Temperature and humidity sensor
A simple power efficient temperature and humidity sensor that communicates using a 2.4 GHz radio. The device can run for almost a year on three AA batteries. The radio signal is received by a server (e.g. a Raspberry Pi) which acts as the hub in this system. The data received is stored in an sqlite database, and are visualized using matplotlib.
The primary purpose of the following article is to illustrate what advantages can be obtained by moving away from the Arduino platform. To keep the transition as straightforward as possible AVR microcontrollers are employed in all designs. Saving power, in order to run the system on battery for extended periods of time, moving from breadboards to perfboards to PCBs, and reducing the physical dimensions (i.e. size) will be discussed. Certainly, many more improvements in those areas could be made. Ultimately, the goal is to obtain a system that is cheap enough and small enough to put multiple sensors in every room and to have it run with minimal intervention.
Version 1: Breadboard prototype using Arduino
Setting up a temperature and humidity sensor with a radio on a breadboard is relatively straightforward. We use the Arduino RF24 library, to control the radio transmitter (nRF24L01+), and the Arduino DHT library to read data from the temperature and humidity sensor (DHT22).
Except for simplicity, there are no advantages to that design. Size and cost are obvious problems. But even more limiting is the power consumption. Even on relatively large capacity Li-ion USB battery packs this can barely be run for a day. One of the power draw is the always-on status LED, which is not easy to disable (putting a tape over the LED is certainly not going to help with power consumption). Also, the power efficiency of going from Li-ion to USB (at 5V) is not stellar, among other issues with the Arduino.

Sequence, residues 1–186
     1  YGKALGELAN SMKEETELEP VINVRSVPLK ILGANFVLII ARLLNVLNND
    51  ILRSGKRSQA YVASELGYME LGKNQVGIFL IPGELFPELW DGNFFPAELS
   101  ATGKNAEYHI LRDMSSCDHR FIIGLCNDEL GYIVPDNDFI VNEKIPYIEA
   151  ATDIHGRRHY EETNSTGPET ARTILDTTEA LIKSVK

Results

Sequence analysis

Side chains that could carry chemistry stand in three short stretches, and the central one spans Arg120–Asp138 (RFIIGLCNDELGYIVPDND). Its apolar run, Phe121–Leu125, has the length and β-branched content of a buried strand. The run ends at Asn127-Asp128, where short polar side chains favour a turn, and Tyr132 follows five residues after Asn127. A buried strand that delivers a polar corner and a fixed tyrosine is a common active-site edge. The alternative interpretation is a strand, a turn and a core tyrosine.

The code that is run on the Arduino can be found here. Temperature and humidity are transmitted once per minute to the hub.
Version 2: Arduino
This is a minor modification that still uses the Arduino platform. The only improvement here is reducing the size. Instead of the breadboard and jumper wires we use a perfboard to solder the RF24 radio transceiver and the DHT22 temperature sensor on top. By using some pin headers we can directly plug the perfboard circuit into the Arduino, essentially an Arduino shield.
The case is made using an Anycubic I3 Mega 3d printer. There is an opening for the sensor on top which is fixed with adhesive tape. For fastening the two halves there is currently a very simple snap mechanism, which relies quite heavily on the characteristics of the 3d printer. This should be improved.
Version 3: ATMEGA328P
We now switch from the Arduino to using a microcontroller. This helps us across the board. Most strikingly in terms of battery life, but also a significant reduction in size and cost results. To keep this transition as straightforward as possible, we use the ATMEGA328P microcontroller from AVR (which is at the heart of the Arduino Uno).